Together with our reading of Acts, the class went this week to Santa Maria del Popolo. This church was built in 1099 and has an odd story of origin. The land on which it was built belonged to the Domitia family. The infamous emperor Nero was a member of this family, and after his suicide in 68, his ashes were buried on the family land. In 1099, a large walnut tree was growing on the site, and many crows hung about the tree, and people were convinced that the crows were in fact demons drawn to the site by Nero's spirit. With great ceremony, Pope Paschal II cut down the tree (and, some say, scattered Nero's ashes), and had a chapel built on the spot. Eventually, the church was rebuilt and renovated to become Santa Maria del Popolo.
It's a historic church, long served by members of the Augustinian order. When Martin Luther visited Rome in 1511 (then an Augustinian monk), he stayed in the cloister here. The artists who worked on renovations and side chapels (in various periods, obviously), included Raphael, Andrea Bregno, Bernini, and, of course, Caravaggio.
It was the two famous Caravaggio paintings that brought us here today. A little chapel at the front left of the church houses The Crucifixion of St. Peter and The Conversion of St. Paul. You can see the paintings with the links (unfortunately, photos weren't allowed). We spent some time looking at each painting, as well as some time talking about each. It is striking how young Paul is at his conversion and how old Peter is at his crucifixion. Caravaggio's attention to the details is amazing; consider the dirt on the bottom of the bare foot in the bottom left of the Peter painting. Given the way martyrdom has already taken shape as a theme for the course, we were very drawn to the Peter painting. We were especially intrigued by Peter's eyes looking to the nail in his own left hand (Is he regretting that he let himself get into this? Or is he remembering how the nail marks looked upon the hands of the Risen Christ?) and by the man in the upper left whose eyes seem to be upon Peter's face and whose arms seem to be as much cradling Peter's legs as lifting them (Is he just looking where he needs to look to get the job done? Or is he wondering at the faith that allows an old man the courage to face this brutal death?). Likewise, we were intrigued both by Paul's eyes (closed, as he sees a vision that, apparently, only he sees) and the man who holds the animal, seemingly unconcerned with Paul or his vision.
Interestingly, in the book of Acts, the story of Paul's conversion is told three times. In Acts 9:7 we read the story itself, which reports that the people with Paul heard the voice but saw nothing (Acts 9:7). Twice later, Paul tells the story. In Acts 22:9, he reports that they saw the light but did not hear the voice. In chapter 26, Paul tells the story again (to King Herod Agrippa II) and reports that everyone saw the light and fell to the ground. He says that he heard the voice, but does not comment on whether his companions did.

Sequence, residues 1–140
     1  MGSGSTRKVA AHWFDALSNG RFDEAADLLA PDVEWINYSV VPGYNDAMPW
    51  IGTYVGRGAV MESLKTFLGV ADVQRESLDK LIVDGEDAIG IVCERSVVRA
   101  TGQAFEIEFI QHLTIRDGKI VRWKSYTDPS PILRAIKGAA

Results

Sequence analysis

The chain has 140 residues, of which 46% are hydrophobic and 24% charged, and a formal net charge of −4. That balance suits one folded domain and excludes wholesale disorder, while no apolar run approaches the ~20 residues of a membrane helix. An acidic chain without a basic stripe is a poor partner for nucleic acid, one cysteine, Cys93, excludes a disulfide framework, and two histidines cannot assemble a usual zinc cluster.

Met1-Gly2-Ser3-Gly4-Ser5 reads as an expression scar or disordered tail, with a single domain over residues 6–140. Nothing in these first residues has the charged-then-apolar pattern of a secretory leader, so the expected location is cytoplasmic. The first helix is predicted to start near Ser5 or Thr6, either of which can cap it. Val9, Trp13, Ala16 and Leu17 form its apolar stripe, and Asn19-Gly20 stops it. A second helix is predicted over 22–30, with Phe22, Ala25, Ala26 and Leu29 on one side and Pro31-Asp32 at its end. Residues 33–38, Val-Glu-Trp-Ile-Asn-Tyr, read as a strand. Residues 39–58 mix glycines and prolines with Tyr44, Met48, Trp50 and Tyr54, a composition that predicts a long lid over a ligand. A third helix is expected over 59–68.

I've been thinking a lot since class about those two onlookers and what it is that they thought they saw. Do you mostly see an animal you have to care for since its rider has fallen? Or do you know (or learn) enough about the rest of the story to see that this man is experiencing something that will change not only the course of his own life, but really, the course of the life of the world? Or, in the case of the other, do you just see another man condemned to die in one of Nero's bloody celebrations of imperial power? Or do you somehow manage to see and to learn of the faith that brought him to that point?
All of us, of course, are onlookers in others' lives, whether we are looking at the faces around us or at the faces that history (sometimes with the help of artists!) has left us. Learning to see them, both as truthfully and as charitably as possible, is one of the most crucial skills for us to develop. And, of course, seeing others--especially martyrs, missionaries, and visionaries, but even onlookers--helps us to see the possibilities for ourselves as well.
I love that Pope Paschal's instinct to cut down the walnut tree and dedicate a church to Our Lady has meant that Peter and Paul, and other Christian stories and works of art, claim this particular place (and all of Rome, of course) much more powerfully than Nero and his demons.